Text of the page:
All parents hope to teach their kids the value of money. Few end up successfully investing hundreds of millions of dollars
But for a handful of top local teams, wealth management is a family affair. Each began their financial lessons at home around the dinner table. Once the children were grown, they all evolved parental relationships into professional ones. And their success stories speak for themselves.
Locally based Cooke Financial Group of Wells Fargo & Co., for example, was founded in 1969 by patriarch John Cooke, 70, who started out as a stockbroker. Today, he shares the managing director title with sons Chris, 44, and Brian, 42. As a team, they manage $1 billion for wealthy individuals.
Another local financial advisory team involves 73-year-old Jack Klausner and his son, Jonathan, 42. Founded in 1958 as part of Thomson McKinnon, the team now manages about 500 accounts totaling $700 million under the moniker the Klausner and Duffy Investment Group at UBS. Jonathan Klausner has been working alongside his father since 1992.
The Auer Growth Fund was organized more recently, but father Bryan Auer, 73, and his sons Bob and Paul have been managing money together with spectacular returns for more than two decades. Starting in 1987, they took $100,000 Bryan Auer had saved in his IRA and, by 2007, grew it into $30 million. Using their same investment formula, two years ago they launched the Auer Growth Fund, a locally based mutual fund. It now has assets topping $159 million.
Indianapolis boasts quite a few top father-son money management teams. Dave Knall and his son Jamie lead the local office of St. Louis-based Stifel Nicolaus and Co. Don Goelzer founded locally-based Goelzer Investment Management in 1969. Now his son Greg is CEO. William Salin II is chairman and CEO of locally-based Salin Bank, which his father started in 1983.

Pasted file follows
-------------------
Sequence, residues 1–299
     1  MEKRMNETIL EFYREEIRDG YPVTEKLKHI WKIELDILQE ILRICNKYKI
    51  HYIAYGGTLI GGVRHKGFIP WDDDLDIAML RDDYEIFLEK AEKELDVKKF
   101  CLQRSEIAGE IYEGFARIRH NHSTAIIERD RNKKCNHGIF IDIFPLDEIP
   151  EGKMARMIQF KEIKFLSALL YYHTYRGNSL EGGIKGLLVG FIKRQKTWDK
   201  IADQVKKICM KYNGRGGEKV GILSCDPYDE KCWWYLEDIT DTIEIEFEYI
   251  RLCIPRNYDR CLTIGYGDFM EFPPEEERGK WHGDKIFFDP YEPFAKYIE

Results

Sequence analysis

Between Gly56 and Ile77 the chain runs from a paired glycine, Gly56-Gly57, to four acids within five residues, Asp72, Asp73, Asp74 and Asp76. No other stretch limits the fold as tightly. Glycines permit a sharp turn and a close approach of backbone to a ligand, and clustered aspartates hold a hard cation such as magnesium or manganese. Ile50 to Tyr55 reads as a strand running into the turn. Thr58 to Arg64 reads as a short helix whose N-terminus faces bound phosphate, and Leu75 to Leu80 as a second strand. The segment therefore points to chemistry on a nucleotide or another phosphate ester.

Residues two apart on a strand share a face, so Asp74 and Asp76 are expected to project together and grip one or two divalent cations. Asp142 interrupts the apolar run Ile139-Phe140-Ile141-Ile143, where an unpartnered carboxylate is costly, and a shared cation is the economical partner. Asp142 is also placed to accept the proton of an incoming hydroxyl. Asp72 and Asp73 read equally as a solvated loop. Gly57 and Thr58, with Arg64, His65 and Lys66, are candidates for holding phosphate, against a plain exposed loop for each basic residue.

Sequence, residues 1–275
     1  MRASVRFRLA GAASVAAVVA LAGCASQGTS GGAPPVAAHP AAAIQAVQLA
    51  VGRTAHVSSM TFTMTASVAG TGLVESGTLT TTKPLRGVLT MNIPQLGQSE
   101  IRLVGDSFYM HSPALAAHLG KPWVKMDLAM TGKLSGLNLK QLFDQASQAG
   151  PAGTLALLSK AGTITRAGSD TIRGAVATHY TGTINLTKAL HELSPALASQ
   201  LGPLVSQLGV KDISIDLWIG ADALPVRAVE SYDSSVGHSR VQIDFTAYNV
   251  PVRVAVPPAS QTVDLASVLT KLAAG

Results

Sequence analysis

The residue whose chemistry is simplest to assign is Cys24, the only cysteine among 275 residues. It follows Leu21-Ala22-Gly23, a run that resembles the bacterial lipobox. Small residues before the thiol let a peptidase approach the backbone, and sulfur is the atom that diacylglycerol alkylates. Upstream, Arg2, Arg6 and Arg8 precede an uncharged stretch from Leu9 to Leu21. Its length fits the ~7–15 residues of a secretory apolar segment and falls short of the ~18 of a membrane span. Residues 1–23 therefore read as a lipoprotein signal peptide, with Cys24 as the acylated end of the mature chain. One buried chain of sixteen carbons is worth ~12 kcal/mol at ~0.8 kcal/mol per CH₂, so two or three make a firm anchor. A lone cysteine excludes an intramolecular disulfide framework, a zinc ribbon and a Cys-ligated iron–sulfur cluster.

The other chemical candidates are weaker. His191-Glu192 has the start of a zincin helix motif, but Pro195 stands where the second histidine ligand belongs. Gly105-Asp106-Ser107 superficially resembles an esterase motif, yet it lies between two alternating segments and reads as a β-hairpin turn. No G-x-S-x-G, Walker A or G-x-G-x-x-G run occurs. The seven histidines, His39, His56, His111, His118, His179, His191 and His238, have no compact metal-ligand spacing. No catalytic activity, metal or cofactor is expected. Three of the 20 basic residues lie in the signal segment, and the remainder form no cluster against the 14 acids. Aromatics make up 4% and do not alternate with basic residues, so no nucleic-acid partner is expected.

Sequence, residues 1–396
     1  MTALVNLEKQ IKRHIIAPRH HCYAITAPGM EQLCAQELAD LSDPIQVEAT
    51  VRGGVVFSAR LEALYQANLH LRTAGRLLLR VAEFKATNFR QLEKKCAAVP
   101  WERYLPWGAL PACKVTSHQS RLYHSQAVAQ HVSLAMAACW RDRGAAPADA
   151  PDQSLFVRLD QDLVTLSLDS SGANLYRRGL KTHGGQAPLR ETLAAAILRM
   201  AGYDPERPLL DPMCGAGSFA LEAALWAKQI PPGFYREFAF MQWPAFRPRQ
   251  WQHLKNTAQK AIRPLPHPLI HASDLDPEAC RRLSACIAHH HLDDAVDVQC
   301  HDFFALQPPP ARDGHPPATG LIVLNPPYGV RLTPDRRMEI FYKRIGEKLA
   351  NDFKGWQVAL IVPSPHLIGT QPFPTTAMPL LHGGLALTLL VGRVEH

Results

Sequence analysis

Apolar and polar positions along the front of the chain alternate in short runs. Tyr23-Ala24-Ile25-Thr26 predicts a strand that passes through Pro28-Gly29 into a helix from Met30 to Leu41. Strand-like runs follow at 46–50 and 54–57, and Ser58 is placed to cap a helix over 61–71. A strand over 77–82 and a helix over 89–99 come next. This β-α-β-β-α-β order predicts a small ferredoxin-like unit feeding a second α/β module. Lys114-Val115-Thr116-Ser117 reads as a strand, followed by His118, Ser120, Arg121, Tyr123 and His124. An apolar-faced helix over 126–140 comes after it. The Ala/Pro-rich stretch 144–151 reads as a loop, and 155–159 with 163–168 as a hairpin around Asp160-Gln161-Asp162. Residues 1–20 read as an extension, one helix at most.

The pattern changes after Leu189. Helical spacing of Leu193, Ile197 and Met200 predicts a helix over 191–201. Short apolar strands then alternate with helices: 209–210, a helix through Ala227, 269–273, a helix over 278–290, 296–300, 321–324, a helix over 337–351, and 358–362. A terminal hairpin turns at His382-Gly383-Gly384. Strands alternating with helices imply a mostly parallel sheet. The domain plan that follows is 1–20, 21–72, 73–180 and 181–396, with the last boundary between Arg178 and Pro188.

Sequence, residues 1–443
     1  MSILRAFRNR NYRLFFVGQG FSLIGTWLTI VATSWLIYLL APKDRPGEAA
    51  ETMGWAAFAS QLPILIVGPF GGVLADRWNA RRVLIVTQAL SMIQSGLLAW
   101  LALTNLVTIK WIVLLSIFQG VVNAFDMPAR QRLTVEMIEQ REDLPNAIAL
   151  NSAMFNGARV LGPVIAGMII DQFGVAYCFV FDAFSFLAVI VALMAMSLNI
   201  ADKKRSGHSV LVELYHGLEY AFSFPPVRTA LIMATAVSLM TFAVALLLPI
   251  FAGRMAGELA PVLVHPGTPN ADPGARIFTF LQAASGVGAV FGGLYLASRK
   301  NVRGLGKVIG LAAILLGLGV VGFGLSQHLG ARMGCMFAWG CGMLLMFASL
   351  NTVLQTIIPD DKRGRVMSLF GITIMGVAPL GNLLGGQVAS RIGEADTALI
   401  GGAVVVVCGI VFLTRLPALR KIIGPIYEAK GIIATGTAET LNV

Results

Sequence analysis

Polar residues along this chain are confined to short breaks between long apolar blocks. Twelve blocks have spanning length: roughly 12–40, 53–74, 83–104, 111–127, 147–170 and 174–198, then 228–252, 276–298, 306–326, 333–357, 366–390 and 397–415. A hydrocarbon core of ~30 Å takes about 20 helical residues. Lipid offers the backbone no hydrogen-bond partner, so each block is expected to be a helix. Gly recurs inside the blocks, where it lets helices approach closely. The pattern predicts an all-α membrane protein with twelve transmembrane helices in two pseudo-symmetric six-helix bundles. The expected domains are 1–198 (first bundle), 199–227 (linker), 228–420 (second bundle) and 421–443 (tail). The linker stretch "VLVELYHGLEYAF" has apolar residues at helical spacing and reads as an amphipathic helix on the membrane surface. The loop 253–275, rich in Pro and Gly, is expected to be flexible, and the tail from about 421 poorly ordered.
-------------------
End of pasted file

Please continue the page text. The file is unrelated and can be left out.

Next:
It’s not uncommon for top money managers to groom their children to take over the businesses, said Michael White, president of Radnor, Pa.-based financial services consultancy Michael White Associates LLC. White’s dozens of well-known clients include American Express, Bank of America, Fidelity, Merrill Lynch, Raymond James and Wachovia.
But a successful generational transition invariably takes years.
“Obviously, this isn’t something that happens overnight. You don’t just bring your kids in, get ’em licensed and turn ’em loose,” White said.
“You’re a bat boy, a second stringer sitting on the bench. Eventually, with practice and hard work, you’re on the field playing.”
At all three local businesses, the father-to-son changeover is decades in the making.
“I attribute a ton of our family’s success to Dad’s willingness to be a great partner,
and not always be Dad,” Chris Cooke said. “And I always attribute a ton of our success to Dad’s inspiring
interest in investments from early on, and a work ethic as well.”
Chris Cooke remembers many mealtime discussions growing up at home about complicated financial topics, like the difference between Ginnie Mae and Fannie Mae. And to this day, he dreads yellow legal pads because that’s where his dad kept single-spaced lists of the chores planned for “every Saturday of my life.”
“I woke up knowing these were the 15 things we’d do, and until they were done, you didn’t visit your friends, watch TV or play video games. Friends would call the house to see if the chores were done before they’d come over, or they’d be roped in,” Chris Cooke said. “You’d wake up and learn, if I have a plan and accomplish it, there’s a reward for it. It’s a small life lesson, but life’s like that.”
Chris Cooke began working with his father 17 years ago, after earning both a law degree and, thanks to a stint at Ernst & Young, his CPA. His brother, a certified investment management analyst, followed about two years later. At first, Chris Cooke remembers, his father took the lead in meetings with clients, then slowly swapped roles until clients didn’t care which one was in the room anymore.
But to this day, Chris Cooke said, his father provides the Cooke Financial Group an advantage many wealth managers lack: deep historical perspective. Chris Cooke can remember running into his father’s office many times excited about a hot stock, only to be told to gather more research. After all, who’s likely to know more about it, his father would ask, you or somebody who’s paid to spend his entire career following the industry and regularly writes 30-page reports about it?